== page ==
For people who like ghost stories but don't like horror stories, I think this is a nice, easy in-between. There's enough "spooky" and "mystery" to keeFor people who like ghost stories but don't like horror stories, I think this is a nice, easy in-between. There's enough "spooky" and "mystery" to keep it interesting, but it doesn't go over the edge into an area where I know a lot of people would be uncomfortable. I think of it more in the "traditional" haunted house genre, where what is most important is what you imagine, not what you "see." Because it is a new branch of a previously existing story set, I occasionally felt a little behind the curve, as the book referenced events and characters that I knew nothing about. One mystery in particular came from a preceding book, acted like it was going somewhere major in this one, and then ended in the epilogue like it had never been more than a blip on the radar. It was very odd.
There were enough open questions left to easily set up for the rest of the books in the series, although this part was wrapped up fairly well. It was a quick, easy (if a little odd) read, and I'd read more by the same author. ...more
Although going out of order, I have now read 3 of the 4 "World's Scariest Places" series, and I remain torn. I continue to maintain that Helltown wasAlthough going out of order, I have now read 3 of the 4 "World's Scariest Places" series, and I remain torn. I continue to maintain that Helltown was frightening because of the people, not the actual location. This book and The Catacombs, on the other hand, started ahead of that curve because their locations are terrifying on their own.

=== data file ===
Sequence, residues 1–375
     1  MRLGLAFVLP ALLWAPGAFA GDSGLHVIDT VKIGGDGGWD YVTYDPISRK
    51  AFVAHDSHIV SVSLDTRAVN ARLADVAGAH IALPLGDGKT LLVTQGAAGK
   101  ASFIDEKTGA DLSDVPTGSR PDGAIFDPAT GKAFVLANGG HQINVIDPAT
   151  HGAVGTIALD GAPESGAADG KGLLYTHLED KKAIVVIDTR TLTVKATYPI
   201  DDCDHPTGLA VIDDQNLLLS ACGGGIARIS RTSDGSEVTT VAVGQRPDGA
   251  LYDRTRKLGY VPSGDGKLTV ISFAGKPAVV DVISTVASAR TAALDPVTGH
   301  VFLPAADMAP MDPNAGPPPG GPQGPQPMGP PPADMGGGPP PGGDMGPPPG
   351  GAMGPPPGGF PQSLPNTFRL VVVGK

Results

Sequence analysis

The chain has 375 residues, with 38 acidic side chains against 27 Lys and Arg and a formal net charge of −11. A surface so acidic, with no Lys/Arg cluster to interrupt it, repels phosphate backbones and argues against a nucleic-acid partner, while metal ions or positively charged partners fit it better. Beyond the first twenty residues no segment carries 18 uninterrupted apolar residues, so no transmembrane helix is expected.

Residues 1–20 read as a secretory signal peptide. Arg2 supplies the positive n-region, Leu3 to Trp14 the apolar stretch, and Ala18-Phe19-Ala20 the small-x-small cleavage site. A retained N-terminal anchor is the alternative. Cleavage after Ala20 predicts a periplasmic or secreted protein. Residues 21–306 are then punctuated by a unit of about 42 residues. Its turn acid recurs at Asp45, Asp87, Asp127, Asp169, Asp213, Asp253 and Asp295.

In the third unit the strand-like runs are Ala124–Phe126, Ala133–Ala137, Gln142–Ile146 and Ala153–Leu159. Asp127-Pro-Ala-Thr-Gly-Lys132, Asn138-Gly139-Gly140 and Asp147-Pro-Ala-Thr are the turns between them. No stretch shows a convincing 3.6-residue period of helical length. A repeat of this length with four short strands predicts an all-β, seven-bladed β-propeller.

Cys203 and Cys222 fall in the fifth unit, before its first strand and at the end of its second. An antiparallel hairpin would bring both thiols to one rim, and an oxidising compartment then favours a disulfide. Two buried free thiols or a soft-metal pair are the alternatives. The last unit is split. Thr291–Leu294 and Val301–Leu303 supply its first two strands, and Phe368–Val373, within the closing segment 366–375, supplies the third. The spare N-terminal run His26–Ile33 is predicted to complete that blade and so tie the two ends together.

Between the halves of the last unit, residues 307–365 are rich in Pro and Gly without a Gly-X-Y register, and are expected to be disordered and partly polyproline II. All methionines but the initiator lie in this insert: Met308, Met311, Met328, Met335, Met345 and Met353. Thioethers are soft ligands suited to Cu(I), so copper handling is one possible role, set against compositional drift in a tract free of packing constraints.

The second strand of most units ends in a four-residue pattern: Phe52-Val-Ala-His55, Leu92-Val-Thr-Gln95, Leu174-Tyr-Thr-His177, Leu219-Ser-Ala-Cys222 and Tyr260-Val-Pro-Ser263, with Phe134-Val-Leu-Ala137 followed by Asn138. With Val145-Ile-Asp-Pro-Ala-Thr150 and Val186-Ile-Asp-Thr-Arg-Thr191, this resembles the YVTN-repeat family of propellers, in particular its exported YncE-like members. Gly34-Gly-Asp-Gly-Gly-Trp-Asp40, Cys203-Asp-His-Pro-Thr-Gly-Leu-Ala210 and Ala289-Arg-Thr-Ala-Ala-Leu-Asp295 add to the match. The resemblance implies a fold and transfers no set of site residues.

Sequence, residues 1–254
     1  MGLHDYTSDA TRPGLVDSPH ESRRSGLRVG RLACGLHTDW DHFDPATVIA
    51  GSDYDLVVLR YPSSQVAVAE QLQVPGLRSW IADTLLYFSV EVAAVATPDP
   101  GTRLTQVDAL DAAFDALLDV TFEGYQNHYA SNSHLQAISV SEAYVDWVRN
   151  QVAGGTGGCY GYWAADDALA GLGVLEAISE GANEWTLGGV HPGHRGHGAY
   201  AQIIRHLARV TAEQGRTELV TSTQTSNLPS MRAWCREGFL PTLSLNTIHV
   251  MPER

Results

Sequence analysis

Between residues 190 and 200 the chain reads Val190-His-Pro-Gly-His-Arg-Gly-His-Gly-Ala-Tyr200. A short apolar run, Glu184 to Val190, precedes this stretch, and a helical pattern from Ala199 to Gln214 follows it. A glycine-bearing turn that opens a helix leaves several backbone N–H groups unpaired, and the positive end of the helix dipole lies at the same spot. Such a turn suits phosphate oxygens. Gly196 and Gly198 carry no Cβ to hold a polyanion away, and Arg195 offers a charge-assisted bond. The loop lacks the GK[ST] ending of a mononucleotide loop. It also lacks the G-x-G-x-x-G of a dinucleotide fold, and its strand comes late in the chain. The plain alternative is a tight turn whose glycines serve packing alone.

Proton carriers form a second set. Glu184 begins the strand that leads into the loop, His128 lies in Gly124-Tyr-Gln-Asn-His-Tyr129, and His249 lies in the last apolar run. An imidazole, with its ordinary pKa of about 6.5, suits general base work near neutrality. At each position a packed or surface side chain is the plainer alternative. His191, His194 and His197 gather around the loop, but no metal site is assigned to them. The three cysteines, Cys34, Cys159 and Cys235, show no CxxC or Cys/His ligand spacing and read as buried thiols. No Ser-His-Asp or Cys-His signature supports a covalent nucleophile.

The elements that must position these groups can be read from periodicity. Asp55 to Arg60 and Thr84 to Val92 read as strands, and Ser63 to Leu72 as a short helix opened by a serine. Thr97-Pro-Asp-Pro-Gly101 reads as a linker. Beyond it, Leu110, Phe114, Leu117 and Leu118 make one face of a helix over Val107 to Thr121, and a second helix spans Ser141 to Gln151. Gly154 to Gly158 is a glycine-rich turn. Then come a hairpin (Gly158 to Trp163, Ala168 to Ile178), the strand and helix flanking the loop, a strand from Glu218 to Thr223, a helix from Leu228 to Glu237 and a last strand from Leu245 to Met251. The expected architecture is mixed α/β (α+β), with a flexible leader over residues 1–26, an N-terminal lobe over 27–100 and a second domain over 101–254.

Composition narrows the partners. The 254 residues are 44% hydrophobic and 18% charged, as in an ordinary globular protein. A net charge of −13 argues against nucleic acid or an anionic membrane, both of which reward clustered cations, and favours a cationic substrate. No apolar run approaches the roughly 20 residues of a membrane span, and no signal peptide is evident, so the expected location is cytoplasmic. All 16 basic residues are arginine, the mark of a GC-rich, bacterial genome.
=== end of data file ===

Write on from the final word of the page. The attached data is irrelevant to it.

That actually hindered this book for me, because if you have a group of people who decide to tromp into the Suicide Forest for amusement's sake, and in the hopes of seeing a dead body, I start out feeling not particularly sympathetic to what happens to them. I file this under "If you dance on a grave, read from a book made of human skin, or sell your soul 'as a joke,'" you get what's coming to you.
However, I will say that the author handled the character arcs well, whether they were redemptive or not, and he is very aware that people in survival situations don't always turn into heroes--sometimes they turn into assholes. Sometimes they do both. Also, although the stories have a hint of supernatural to them, the point is all that the evil human beings do to each other will always be more frightening than something a creature does. I feel like the ultimate point of this series is that the world's scariest place...is the darkness of a human soul. ...more
In the last book, we had our first fatality among named characters, two years or more years into the war. I thought that was a bit odd--not truly compIn the last book, we had our first fatality among named characters, two years or more years into the war. I thought that was a bit odd--not truly complaining, of course, because I like most of the POV characters, but for a series that was trying to show the horrors of war, it seemed like a bit of a pulled punch. We're starting to make up for it now, with two POVs passing, and I can only assume that we will continue to build as we go through the war.
After three books and *cough* hundred pages, I'm finally keeping up with all the characters and their nationalities with relative ease. (Yeah, took me long enough, right?) I am becoming very attached to (most) of them, and I know there will be more deaths to come, I just hope that the casualties are characters I don't care about as much. Fingers crossed?
Every time I get through a book, I wonder how the series can keep going, because surely we're winding down to the end? But we keep going with a full head of steam, and I'm still invested in riding this ley line to the end. ...more